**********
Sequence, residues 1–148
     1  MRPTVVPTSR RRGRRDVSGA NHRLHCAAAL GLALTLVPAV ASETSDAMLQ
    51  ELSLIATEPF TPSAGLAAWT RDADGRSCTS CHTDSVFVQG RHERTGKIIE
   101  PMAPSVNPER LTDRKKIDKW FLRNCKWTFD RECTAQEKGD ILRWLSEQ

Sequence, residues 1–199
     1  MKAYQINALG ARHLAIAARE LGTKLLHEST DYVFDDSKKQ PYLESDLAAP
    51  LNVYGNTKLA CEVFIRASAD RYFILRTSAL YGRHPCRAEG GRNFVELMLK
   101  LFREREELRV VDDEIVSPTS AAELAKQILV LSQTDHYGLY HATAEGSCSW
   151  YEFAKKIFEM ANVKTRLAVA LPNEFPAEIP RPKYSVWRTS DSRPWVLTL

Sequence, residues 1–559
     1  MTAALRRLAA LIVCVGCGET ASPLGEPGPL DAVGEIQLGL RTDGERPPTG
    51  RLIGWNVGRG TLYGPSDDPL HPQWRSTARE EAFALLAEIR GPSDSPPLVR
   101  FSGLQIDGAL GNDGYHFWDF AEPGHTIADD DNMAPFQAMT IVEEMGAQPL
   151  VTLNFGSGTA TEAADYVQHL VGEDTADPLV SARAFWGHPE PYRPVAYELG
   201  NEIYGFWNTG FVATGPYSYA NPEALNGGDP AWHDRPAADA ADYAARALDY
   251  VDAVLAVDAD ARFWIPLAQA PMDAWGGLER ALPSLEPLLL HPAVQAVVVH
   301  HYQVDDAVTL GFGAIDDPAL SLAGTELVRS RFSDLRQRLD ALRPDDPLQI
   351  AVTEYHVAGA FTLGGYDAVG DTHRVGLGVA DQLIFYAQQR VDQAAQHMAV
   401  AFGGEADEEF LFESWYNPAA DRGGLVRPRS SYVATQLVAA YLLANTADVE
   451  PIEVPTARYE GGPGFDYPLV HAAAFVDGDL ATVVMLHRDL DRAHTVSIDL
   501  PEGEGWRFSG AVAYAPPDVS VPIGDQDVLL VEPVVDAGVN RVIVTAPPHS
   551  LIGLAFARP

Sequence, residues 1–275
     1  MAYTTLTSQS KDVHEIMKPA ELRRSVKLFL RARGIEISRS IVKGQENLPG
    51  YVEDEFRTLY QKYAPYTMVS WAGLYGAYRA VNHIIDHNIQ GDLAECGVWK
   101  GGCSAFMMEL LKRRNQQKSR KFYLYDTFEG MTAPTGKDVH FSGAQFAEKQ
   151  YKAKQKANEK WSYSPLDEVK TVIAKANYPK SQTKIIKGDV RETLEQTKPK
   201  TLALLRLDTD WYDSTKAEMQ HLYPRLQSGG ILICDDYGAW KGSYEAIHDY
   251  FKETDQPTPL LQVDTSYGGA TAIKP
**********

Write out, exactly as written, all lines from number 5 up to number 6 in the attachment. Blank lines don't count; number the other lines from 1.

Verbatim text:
Sequence, residues 1–199
     1  MKAYQINALG ARHLAIAARE LGTKLLHEST DYVFDDSKKQ PYLESDLAAP